– The 4th Annual Maverik Showtime Lacrosse “National Recruiting Spotlight” will run from July 11th-14th at Western CT State University.  Want to see some AWESOME high school Summer ball?  Recruit some D1 players?  Check it out! |

– Tim Soudan new Rochester Rattlers Head Coach | Democrat and Chronicle

– Well worth a read if you missed it… AED saves lacrosse player’s life |

– Citywide team in Delaware lets the kids PLAY! | Delaware News

– Keegan Wilkinson new Head Coach at Marist |

– Lacrosse beginning to stick in Nebraska |




  1. As a 1st line 2-way midfielder I would love this. Some coaches get horn-happy as i like to say and sub the lines way to much. I would go through whole games AS A MIDFIELDER and STILL BE FRESH! Something isn’t right there. I also think it’ll make the game more fun, and i’m ALL about FUN!

  2. I agree. In fact, most of the games that I’ve watched recently that involved a running clock have not allowed substitution horns. I think this is a great rule of thumb for tourneys or leagues employing a running clock. Without a shot clock in the college or high school game, a no-horn rule wouldn’t necessarily speed up the game. In fact, more of the live clock action would be spent running guys in and out of the box to get the right personnel on the field. If we really wanted lax to be an up and down game with guys playing an all-around game, lacrosse could always take a page out of soccer’s book and simply limit the number of substitutions allowed per quarter to say….20?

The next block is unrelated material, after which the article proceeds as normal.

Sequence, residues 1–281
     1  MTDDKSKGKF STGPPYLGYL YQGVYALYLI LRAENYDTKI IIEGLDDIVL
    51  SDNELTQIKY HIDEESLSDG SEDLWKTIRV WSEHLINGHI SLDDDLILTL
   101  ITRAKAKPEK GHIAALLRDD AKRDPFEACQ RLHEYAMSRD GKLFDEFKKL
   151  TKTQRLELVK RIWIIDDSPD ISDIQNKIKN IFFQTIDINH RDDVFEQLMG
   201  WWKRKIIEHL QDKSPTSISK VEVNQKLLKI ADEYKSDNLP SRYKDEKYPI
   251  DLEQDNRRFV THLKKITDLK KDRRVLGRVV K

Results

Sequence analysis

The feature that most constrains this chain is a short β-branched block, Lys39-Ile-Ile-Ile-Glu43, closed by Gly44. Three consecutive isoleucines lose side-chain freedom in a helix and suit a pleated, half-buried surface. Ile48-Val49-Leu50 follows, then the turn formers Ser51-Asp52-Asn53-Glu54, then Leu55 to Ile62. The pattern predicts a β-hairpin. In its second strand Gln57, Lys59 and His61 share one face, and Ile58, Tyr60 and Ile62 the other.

• The elimination of the sideline horn might not speed things up, but it would create more opportunities for a defense to push the offense, who would be in a man-down situation during the sub process…potentially creating loose balls and transition scenarios…which would speed it up

  3. Three things:

    First – I have to admit that I am a high school coach who utilizes offensive and defensive short-stick midfielders.  During the season we do what we can to switch up personnel on a change of possession.  Last year I had a HUGE group of seniors, all of which were talented, and I needed to find a way to utilize all of them.  This was the best way to do that.